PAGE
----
is progressive overload the only way to build muscle​

is progressive overload the only way to build muscle

Regardless of whether this story is true or even possible, it demonstrates the most fundamental component of any training program Progressive Overload Method .

If you want to do professional athlete or bodybuilding then you need to include progressive overload program in your exercise for good muscle growth which prepares you for next level

When the progressive overload is a missing component from a program, that program will simply be minimally effective long term. Conceptualizing progressive overload as a cycle works well. These gains enable you to apply progressive overload.

Progressive Overload Method

In the modern day, I’m not sure many trains with calves or bulls. Rather, freeway and or machine training seems far more common with these.

Two of the most popular ways to Progressive Overload Method are, with all other training variables kept constant, increasing load or the number of repetitions performed. 

In this article, we’re analyzing a brand new study comparing these two progressive overload methods for muscle and strength

Comparing Progressive Overload Method via load or rep increases leg extension. Strength gains were not different between progressing through load or reps, but muscle growth of the vast lateral was greater for the load versus rep progression.

Yet there were important limitations to this study. It wasn’t a randomized controlled trial. Rather, it combined the results of two separate studies.

One study progressed with load, and another study progressed with reps.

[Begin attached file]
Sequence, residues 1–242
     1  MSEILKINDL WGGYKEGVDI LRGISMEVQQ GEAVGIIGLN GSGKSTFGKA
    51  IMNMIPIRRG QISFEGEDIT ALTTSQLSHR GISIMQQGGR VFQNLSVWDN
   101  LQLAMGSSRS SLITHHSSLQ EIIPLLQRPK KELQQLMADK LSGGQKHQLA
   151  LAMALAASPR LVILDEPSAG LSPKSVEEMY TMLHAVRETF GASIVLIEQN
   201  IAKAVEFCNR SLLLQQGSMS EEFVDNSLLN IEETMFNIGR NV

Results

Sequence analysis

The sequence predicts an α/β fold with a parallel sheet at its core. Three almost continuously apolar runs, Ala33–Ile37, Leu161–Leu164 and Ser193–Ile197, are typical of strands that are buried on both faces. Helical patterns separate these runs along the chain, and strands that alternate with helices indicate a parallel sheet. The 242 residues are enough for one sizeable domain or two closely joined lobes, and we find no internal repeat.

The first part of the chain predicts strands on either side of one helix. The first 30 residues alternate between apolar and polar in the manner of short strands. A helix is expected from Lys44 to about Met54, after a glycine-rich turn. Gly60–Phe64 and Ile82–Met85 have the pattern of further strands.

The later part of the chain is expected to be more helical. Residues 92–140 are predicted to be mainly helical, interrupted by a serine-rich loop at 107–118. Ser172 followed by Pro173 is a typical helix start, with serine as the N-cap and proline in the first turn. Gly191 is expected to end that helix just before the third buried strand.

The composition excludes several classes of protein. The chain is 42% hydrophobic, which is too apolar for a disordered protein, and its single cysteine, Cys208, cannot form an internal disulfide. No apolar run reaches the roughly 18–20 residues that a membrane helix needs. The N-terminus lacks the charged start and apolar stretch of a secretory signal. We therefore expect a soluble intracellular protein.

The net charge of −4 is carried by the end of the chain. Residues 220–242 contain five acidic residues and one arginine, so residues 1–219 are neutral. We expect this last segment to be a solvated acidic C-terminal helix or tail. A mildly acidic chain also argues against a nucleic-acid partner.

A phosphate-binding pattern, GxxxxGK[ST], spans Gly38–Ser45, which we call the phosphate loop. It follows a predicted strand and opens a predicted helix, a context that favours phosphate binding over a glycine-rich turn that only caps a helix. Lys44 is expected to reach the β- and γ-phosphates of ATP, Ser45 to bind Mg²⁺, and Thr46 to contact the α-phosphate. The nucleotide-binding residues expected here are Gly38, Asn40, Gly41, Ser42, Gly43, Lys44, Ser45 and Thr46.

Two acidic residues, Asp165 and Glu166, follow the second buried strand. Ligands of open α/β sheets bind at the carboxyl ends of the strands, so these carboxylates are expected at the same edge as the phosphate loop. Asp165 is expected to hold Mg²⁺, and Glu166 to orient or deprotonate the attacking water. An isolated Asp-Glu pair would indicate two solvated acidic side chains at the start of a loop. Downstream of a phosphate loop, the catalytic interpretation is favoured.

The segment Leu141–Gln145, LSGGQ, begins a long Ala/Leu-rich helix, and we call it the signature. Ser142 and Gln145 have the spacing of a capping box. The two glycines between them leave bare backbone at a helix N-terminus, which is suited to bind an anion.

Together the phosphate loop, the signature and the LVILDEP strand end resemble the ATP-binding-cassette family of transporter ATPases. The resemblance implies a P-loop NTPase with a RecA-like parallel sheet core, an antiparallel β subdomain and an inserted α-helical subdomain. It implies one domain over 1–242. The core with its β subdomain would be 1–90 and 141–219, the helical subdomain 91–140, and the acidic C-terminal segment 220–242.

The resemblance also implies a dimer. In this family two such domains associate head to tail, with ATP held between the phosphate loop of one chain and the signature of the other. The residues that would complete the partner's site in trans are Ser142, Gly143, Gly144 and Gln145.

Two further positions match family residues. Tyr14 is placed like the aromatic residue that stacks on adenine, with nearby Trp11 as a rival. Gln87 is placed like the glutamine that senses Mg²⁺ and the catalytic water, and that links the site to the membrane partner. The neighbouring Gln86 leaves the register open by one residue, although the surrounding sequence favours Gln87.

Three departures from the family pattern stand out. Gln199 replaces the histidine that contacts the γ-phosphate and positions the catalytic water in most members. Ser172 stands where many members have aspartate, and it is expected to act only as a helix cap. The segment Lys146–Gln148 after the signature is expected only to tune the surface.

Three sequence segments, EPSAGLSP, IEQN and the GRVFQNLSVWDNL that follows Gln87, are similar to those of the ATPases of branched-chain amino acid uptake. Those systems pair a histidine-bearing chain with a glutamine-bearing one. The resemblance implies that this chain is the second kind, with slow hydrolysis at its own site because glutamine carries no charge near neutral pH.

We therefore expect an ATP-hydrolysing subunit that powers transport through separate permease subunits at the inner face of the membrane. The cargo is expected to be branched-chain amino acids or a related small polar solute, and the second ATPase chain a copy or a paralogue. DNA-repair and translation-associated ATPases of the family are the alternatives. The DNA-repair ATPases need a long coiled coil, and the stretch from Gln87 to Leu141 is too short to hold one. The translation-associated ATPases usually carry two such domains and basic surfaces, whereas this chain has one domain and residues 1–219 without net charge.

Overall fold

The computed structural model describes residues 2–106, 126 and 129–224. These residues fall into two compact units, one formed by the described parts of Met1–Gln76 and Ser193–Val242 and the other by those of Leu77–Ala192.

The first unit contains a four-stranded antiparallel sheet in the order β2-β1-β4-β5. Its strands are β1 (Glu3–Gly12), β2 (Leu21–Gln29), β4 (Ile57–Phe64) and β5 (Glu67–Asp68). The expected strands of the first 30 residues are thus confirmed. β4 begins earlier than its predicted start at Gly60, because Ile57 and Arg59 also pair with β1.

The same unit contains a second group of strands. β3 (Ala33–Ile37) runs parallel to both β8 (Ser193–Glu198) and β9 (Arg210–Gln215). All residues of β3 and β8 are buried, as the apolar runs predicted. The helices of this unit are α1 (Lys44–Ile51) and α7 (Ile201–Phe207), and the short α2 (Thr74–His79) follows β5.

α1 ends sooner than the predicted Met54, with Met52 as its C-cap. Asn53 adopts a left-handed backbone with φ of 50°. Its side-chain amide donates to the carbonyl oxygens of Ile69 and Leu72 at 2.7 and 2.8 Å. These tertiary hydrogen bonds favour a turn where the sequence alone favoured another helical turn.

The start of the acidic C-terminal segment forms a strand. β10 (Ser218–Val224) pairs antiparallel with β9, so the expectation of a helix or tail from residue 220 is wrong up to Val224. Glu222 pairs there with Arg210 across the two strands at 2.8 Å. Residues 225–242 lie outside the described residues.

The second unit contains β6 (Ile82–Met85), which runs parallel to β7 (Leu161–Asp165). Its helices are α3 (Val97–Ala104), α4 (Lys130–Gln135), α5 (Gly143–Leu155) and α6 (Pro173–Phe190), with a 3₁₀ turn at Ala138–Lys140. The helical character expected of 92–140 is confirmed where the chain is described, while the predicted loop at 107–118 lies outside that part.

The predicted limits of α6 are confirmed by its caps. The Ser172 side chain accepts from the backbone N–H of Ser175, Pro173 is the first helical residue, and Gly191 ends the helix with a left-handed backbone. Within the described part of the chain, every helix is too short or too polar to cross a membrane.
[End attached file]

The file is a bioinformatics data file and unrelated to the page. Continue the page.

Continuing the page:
That resulted in the training frequency and duration differing between the load and rep progression groups.

I noted there was a researcher who had a study in the works. That is the study that has now been released. It’s the first randomized controlled trial comparing load and rep increases for muscle and strength.

2- New data Load vs reps concept in progressive overload

38 trained individuals were randomly assigned to a load or rep group. All subjects were trained in these four lower body exercises with these variables.

  • In the first session, the load group attempted to increase the load they trained with across sessions while staying within the eight to twelve-rep range.
  • The rep group maintained the loads used in the first session and aimed to perform more repetitions across sessions on their exercise sets.
  • Food diaries, although not always super reliable, were measured by the researchers. And fat, carb, protein, and calorie intake were similar between the load and rep groups before and after the study.

Strength was assessed via one rep maps on the Smith Machine squat and muscle growth via the thickness of the mid quad lateral, Quadruplenemius lateral gastrocnemius and soleus increases in virtually all muscle growth measurements were similar between the load and rep groups, although mid quad growth tended to slightly favor the rep group.

We’ll discuss potential reasons shortly. Smith Machine Squad strength gains were fairly similar between both groups, with a low group seeing a small two kg greater increase versus the rep group.

So overall, this study finds load and rep progressions are fairly comparable for increasing muscle and strength. Let’s dissect these findings more.

Deeper analysis about load and reps progressive overload